The park operates off of one long road that leads thru the canyons by shuttle buses – dramatically reducing traffic and noise from within the park. Park fees are a mere $25 per car for 7 days – most definitely the steal of the weekend. Along the shuttle stops, an overhead recording goes thru the history of the park and I am happy to report that I actually retained some of the history! On day one, we ventured to the end of the road to The Temple of Sinawava (again – fantastic name). After a mile hike on a paved (wheelchair accessible) pathway, you come to the entrance to the river and hike into The Narrows. Donning water shoes, a walking stick and my camera, the girls and I gleefully stepped into the river to continue our hike in the Virgin River.
The start of the hike thru the river is busy – many people coming and going make for quite a scene – but the further you go, the fewer there are and you are left with plenty of space to contemplate the wonders of the canyon. It’s not everyday you hike in a river on purpose. The heat of the day was a nice contrast to the coolness of the river. Around every bend, there was a new and amazingly beautiful sight to behold. The further upriver you go (and it goes for quite a ways), the narrower the canyon becomes. As the 4 o’clock sun started to make it’s exit from the canyon walls, the canyon wall hues turned into brilliant reds and oranges. It was with reluctance that we turned to make the return trip back to the shuttle.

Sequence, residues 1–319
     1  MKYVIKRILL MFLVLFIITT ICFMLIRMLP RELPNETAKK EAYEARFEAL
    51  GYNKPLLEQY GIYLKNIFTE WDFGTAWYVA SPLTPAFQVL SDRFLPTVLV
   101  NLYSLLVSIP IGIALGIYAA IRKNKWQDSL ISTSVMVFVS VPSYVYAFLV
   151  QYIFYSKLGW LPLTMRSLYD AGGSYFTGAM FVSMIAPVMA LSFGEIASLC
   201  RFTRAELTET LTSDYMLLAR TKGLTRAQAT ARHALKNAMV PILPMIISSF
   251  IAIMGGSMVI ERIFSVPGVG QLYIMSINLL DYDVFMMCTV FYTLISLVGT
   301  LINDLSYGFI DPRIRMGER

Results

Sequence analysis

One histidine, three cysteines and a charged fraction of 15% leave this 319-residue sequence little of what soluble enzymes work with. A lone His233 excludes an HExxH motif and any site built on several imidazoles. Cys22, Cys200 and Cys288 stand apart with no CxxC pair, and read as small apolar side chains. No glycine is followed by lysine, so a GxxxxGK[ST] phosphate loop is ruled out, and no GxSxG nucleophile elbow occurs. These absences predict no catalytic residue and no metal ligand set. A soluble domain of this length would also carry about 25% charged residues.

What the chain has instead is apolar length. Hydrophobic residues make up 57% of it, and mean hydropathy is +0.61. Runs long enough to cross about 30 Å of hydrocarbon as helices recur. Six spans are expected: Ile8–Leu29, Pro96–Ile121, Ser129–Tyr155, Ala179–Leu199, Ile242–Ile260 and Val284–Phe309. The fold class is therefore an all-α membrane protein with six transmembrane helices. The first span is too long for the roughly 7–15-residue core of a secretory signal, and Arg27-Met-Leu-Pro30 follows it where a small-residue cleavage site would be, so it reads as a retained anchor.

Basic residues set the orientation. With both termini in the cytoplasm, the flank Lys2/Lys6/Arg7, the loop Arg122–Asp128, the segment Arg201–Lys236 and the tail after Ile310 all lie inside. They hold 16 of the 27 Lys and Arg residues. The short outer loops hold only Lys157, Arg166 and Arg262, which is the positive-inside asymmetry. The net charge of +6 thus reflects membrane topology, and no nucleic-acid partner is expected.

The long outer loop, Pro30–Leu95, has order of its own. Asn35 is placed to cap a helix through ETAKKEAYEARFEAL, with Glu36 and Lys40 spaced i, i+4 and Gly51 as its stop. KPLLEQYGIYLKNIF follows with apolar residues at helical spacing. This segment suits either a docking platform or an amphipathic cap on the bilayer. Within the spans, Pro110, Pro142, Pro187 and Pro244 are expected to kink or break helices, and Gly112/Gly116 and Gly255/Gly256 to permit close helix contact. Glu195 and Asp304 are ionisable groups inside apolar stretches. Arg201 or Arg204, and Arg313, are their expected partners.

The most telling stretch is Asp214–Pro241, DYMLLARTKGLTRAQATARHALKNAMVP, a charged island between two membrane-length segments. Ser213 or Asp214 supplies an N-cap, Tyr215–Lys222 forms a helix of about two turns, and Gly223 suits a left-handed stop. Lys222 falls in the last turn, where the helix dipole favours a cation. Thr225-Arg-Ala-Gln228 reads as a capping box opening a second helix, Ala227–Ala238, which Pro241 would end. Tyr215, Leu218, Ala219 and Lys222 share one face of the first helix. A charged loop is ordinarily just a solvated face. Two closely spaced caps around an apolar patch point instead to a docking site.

For the remainder of the weekend, we stayed in a beautiful home called Name Stay – a clever twist on the Hindu phrase nameste. It was suiting however as throughout the weekend, we toasted to our friendship and the souls we cherish in each other. Waking up early, we ventured out to a hike called Angels Landing – a marval of engineering to the very top. I found a video online that helps depict the beauty of the hike (below). The last half mile is not for the faint of heart – a trek to the end requires traversing a narrow cliff with steep drop offs at either end. I only got so far before I paniked and had to turn back. Regardless, the view was pretty great from Scotts Lookout.
After the hike, we lunched at Zion Lodge. The Lodge was reminiscent of times past when families would drive their 1950’s Oldsmobiles up and vacation for a month in the park. Today, the Lodge has individual rustic cabins, hotel rooms and suites. Certainly not a bad way to get a taste of the Park! We continued to hike to the Emerald Pools (not recommended during midday heat) and took the classic drive thru the tunnel that connects Zion to Bryce National Park.
Nights were spend enjoying fine wine and food with the best group of a ladies a girl could hope for in her 30’s. It’s rare a bachelorette party doesn’t involve excessive drinking, strippers and sex toy paraphernalia, but I have to say, our version was simply fantastic.